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5 signs you might be dating a psychopath

5 signs that show that you are dating a psychopath


Psychopaths make up about one percent of the general population and most of them are not serial killers. He or she can be your co-worker who somehow seems to get away with everything. They’re that “perfect” ex who ran off with someone else. Or maybe they’re just the totally normal guy who served you coffee this morning. Here are five signs that you might be dating a psychopath.

Psychopaths look like you and me, but there’s one big difference: they do not have a conscience. They can harm others with absolutely no sense of remorse or guilt. They spend their lives learning how to mimic normal human emotions, but they don’t actually experience any of those feelings. Things like compassion, love, trust, and forgiveness — all just convenient vulnerabilities to be exploited.

5 signs you might be dating a psychopath
Psychopath

Here are 5 signs that you might be dating a psychopath:

1. They reel you in with idealization, love-bombing, and flattery.

When you first meet a psychopath, things move extremely fast. They tell you how much they have in common with you — how perfect you are for them. Like a chameleon, they mirror your hopes, dreams, and insecurities to form an immediate bond of trust and excitement. They constantly initiate communication and seem to be fascinated with you on every level. If you have a Facebook page, they might plaster it with songs, compliments, poems, and inside jokes.

2. They prey on your emotions with pity plays and sympathy stories.

You will quickly find a soft spot in your heart for them. They often seem cute and innocent at first.

They will probably mention their abusive ex who’s still in love with them. They say that all they have ever wanted is some peace and quiet. They hate drama — and yet, you will soon come to notice there’s more drama surrounding them than anyone you have ever known.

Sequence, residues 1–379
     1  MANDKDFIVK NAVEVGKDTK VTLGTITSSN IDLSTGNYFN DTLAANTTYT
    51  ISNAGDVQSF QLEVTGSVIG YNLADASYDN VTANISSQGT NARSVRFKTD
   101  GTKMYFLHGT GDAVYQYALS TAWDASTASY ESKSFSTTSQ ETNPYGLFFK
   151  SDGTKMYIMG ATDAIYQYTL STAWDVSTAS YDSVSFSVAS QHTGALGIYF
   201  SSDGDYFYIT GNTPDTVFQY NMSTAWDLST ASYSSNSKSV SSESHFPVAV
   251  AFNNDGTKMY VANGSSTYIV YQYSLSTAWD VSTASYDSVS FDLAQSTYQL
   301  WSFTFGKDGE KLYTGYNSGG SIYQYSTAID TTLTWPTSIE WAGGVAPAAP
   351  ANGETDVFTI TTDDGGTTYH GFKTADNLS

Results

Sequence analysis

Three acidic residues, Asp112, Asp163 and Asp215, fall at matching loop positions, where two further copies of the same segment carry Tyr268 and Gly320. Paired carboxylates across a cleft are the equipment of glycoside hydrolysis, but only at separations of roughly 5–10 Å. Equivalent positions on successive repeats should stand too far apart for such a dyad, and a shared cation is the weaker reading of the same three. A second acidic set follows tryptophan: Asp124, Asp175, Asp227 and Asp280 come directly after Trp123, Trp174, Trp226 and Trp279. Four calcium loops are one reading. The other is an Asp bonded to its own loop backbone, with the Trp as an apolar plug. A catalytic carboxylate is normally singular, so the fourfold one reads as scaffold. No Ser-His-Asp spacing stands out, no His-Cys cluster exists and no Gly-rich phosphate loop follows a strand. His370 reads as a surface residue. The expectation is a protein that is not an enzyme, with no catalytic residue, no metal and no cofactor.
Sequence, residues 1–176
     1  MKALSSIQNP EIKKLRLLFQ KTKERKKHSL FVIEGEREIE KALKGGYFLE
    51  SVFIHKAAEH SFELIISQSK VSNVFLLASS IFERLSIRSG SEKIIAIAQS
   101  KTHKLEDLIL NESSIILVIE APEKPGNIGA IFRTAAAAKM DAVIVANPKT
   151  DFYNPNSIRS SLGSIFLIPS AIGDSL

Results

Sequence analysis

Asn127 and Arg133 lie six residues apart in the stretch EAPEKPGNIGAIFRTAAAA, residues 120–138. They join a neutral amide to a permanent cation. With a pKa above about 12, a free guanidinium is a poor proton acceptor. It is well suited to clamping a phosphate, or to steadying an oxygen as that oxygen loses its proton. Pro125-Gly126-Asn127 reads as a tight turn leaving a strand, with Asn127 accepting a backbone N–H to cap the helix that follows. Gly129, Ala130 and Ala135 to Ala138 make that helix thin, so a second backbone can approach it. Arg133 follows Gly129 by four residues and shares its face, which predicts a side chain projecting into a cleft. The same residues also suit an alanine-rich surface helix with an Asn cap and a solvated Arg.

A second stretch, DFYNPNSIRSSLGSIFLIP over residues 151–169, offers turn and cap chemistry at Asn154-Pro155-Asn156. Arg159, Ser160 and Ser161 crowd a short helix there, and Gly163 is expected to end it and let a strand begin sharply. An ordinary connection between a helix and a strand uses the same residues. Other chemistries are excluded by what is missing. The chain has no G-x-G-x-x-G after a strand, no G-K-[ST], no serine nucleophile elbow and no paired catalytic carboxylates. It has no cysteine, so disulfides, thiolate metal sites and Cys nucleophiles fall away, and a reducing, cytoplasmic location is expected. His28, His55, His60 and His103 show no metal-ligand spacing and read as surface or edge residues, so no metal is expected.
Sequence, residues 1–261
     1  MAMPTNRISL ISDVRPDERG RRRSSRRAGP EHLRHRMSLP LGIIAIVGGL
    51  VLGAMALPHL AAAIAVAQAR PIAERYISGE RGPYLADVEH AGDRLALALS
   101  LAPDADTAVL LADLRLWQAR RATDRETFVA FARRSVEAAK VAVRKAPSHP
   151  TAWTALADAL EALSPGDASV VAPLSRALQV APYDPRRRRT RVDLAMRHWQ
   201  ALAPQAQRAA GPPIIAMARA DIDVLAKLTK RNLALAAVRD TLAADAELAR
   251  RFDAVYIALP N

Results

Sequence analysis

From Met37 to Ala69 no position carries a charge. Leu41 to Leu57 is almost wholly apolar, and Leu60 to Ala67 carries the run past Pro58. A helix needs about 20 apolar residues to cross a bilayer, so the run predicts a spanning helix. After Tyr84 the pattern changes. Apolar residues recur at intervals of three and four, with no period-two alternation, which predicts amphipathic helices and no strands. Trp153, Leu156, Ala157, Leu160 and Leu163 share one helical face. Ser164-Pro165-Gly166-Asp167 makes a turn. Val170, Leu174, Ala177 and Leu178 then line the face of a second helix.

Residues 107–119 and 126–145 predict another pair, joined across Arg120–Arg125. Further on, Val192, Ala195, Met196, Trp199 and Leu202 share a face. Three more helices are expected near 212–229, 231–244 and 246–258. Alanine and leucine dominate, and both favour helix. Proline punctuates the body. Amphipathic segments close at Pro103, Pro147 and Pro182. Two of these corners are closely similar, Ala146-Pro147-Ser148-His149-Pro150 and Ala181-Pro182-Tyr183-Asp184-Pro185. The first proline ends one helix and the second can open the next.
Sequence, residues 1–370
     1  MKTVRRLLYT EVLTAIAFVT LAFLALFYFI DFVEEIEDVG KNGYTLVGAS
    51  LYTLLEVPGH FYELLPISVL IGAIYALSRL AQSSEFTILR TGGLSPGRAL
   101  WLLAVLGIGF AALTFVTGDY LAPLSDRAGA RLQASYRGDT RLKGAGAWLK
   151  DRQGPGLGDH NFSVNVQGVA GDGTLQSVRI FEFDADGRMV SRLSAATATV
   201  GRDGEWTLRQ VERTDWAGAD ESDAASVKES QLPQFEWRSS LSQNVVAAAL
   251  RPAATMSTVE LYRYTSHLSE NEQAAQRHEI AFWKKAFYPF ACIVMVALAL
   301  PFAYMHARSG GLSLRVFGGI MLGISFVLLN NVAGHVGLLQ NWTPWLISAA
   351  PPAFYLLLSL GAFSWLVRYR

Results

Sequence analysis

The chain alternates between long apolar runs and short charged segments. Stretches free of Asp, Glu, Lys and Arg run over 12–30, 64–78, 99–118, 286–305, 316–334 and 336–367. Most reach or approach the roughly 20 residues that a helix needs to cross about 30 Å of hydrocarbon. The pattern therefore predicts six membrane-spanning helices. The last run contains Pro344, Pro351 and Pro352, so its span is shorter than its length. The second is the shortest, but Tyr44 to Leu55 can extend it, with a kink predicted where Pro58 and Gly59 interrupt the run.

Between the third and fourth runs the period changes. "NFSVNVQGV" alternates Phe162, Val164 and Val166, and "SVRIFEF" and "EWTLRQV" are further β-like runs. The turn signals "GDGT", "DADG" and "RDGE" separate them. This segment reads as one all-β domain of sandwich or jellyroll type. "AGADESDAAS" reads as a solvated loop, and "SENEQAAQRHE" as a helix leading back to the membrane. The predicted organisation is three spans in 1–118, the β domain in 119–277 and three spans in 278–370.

5 signs you might be dating a psychopath
Psychopath

3. They involve you in their own versions of “love triangles.”

Once you are hooked, the triangulation sets in. They surround themselves with former lovers, potential mates, and anyone else who provides them with added attention.

This includes people that the psychopath may have previously denounced and declared you superior to. This makes you feel confused and creates the perception that the psychopath is in high demand at all times.

4. They constantly rewrite reality and exhibit other crazy-making behavior.

They blatantly deny their own manipulative behavior and ignore evidence when confronted with it. They become dismissive and critical if you attempt to disprove their fabrications with facts. Instead of them actually addressing their inappropriate behavior, somehow it always becomes your fault for being “sensitive” and “crazy.”

Toxic people condition you to believe that the problem is not the abuse itself, but instead your reactions to their abuse.

5. They accuse you of feeling emotions that they are intentionally provoking.

They call you jealous after blatantly flirting with an ex — often done over social networking for the entire world to see.

They call you needy after intentionally ignoring you for days on end. They use your manufactured reactions to garner sympathy from other targets, trying to prove how “hysterical” you have become. You probably once considered yourself to be an exceptionally easygoing person, but an encounter with a psychopath will (temporarily) turn that notion upside down.

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